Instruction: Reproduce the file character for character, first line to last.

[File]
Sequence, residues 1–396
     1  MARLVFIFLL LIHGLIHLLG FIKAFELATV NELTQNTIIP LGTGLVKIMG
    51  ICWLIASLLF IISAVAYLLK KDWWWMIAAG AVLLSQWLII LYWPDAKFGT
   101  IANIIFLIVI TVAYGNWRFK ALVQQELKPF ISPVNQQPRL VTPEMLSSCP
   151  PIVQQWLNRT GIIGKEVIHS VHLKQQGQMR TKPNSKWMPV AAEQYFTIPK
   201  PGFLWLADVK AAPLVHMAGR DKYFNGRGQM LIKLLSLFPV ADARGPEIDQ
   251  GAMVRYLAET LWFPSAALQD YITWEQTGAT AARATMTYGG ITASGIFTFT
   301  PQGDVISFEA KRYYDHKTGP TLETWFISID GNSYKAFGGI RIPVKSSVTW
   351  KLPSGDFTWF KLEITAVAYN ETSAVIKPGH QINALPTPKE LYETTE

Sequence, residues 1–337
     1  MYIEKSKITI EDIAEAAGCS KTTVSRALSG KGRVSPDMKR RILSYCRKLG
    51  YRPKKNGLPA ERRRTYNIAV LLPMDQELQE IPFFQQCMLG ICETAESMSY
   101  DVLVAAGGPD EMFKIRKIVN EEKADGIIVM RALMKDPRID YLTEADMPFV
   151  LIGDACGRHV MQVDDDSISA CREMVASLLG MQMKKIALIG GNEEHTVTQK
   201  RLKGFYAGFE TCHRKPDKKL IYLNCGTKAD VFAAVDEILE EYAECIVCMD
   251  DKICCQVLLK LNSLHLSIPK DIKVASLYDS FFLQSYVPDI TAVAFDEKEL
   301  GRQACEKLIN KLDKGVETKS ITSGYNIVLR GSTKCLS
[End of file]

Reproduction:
Sequence, residues 1–396
     1  MARLVFIFLL LIHGLIHLLG FIKAFELATV NELTQNTIIP LGTGLVKIMG
    51  ICWLIASLLF IISAVAYLLK KDWWWMIAAG AVLLSQWLII LYWPDAKFGT
   101  IANIIFLIVI TVAYGNWRFK ALVQQELKPF ISPVNQQPRL VTPEMLSSCP
   151  PIVQQWLNRT GIIGKEVIHS VHLKQQGQMR TKPNSKWMPV AAEQYFTIPK
   201  PGFLWLADVK AAPLVHMAGR DKYFNGRGQM LIKLLSLFPV ADARGPEIDQ
   251  GAMVRYLAET LWFPSAALQD YITWEQTGAT AARATMTYGG ITASGIFTFT
   301  PQGDVISFEA KRYYDHKTGP TLETWFISID GNSYKAFGGI RIPVKSSVTW
   351  KLPSGDFTWF KLEITAVAYN ETSAVIKPGH QINALPTPKE LYETTE

Sequence, residues 1–337
     1  MYIEKSKITI EDIAEAAGCS KTTVSRALSG KGRVSPDMKR RILSYCRKLG
    51  YRPKKNGLPA ERRRTYNIAV LLPMDQELQE IPFFQQCMLG ICETAESMSY
   101  DVLVAAGGPD EMFKIRKIVN EEKADGIIVM RALMKDPRID YLTEADMPFV
   151  LIGDACGRHV MQVDDDSISA CREMVASLLG MQMKKIALIG GNEEHTVTQK
   201  RLKGFYAGFE TCHRKPDKKL IYLNCGTKAD VFAAVDEILE EYAECIVCMD
   251  DKICCQVLLK LNSLHLSIPK DIKVASLYDS FFLQSYVPDI TAVAFDEKEL
   301  GRQACEKLIN KLDKGVETKS ITSGYNIVLR GSTKCLS